Two senators are joining together in a bipartisan push to expand resources to agents on the U.S.-Mexico border so they can better fight fentanyl trafficking.
Democratic Sen. Sherrod Brown of Ohio is pushing his fellow senators to support a bill that would arm U.S. Customs and Border Protection agents with new technology that can help identify illicit shipments of opioids. The legislation, co-sponsored by Republican Sen. Rob Portman of Ohio, would free up $15 million in federal funds for new personnel, facilities, testing equipment and screening devices at the border, reports Dayton Daily News.
Brown is speaking out about the proposal in the wake of data released Thursday by the Centers for Disease Control Prevention showing a large spike in opioid-related deaths in Ohio last year. He says the situation is “devastating” his state and requires immediate action from lawmakers on Capitol Hill.
“Law enforcement officers need every tool available to keep fentanyl out of the country and off of Ohio streets,” Brown said Thursday in a statement, according to Dayton Daily News.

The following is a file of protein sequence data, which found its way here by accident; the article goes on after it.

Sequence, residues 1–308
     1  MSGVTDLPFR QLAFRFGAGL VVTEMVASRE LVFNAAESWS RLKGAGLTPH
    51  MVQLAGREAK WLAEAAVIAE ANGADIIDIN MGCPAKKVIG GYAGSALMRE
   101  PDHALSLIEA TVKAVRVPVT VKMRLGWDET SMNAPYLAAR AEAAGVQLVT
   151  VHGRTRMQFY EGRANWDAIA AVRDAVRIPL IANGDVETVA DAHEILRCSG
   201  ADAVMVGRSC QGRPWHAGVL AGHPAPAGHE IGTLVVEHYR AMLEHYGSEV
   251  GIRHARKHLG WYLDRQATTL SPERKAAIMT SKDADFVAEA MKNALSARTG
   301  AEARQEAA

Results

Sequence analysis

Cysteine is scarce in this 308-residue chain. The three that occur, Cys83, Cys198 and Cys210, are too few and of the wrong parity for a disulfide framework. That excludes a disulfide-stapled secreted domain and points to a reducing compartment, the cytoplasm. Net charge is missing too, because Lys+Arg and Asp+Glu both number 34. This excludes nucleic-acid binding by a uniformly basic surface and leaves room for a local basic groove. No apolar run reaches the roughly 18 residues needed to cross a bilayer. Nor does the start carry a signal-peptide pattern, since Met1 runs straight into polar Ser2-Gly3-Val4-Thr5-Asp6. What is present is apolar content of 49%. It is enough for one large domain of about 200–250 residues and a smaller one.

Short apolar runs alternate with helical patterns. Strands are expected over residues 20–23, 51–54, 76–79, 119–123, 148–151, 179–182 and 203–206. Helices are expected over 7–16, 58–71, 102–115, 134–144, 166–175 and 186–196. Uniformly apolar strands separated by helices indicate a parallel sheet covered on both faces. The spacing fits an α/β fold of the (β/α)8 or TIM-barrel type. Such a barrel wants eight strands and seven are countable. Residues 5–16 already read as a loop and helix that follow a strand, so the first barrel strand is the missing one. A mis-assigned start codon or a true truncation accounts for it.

Ohio now has the second highest drug overdose death rate in the U.S. behind only West Virginia. The state lost 4,329 residents to drug overdoses in 2016, a 24 percent increase over the previous year.
Nearly 40 per 100,000 people in the state now die from a drug-related overdose in Ohio, largely due to the influx of synthetic opioids like fentanyl and its analogs, which are at least 50 to 100 times more powerful than morphine.
Officials say without the presence of the overdose reversal drug naloxone, commonly called Narcan, the number of opioid deaths would be much higher. First responders in Ohio administered roughly 43,000 doses of naloxone in 2016.
Nationally, drug overdoses are the leading cause of accidental death for Americans under age 50, killing 63,600 people in 2016.
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